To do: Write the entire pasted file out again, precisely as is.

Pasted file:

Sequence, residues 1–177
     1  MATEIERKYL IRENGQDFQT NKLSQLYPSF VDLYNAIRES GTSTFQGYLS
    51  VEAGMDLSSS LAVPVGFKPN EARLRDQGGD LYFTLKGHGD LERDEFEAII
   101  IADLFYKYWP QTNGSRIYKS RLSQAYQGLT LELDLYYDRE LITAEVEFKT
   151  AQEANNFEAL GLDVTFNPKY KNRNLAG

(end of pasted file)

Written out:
Sequence, residues 1–177
     1  MATEIERKYL IRENGQDFQT NKLSQLYPSF VDLYNAIRES GTSTFQGYLS
    51  VEAGMDLSSS LAVPVGFKPN EARLRDQGGD LYFTLKGHGD LERDEFEAII
   101  IADLFYKYWP QTNGSRIYKS RLSQAYQGLT LELDLYYDRE LITAEVEFKT
   151  AQEANNFEAL GLDVTFNPKY KNRNLAG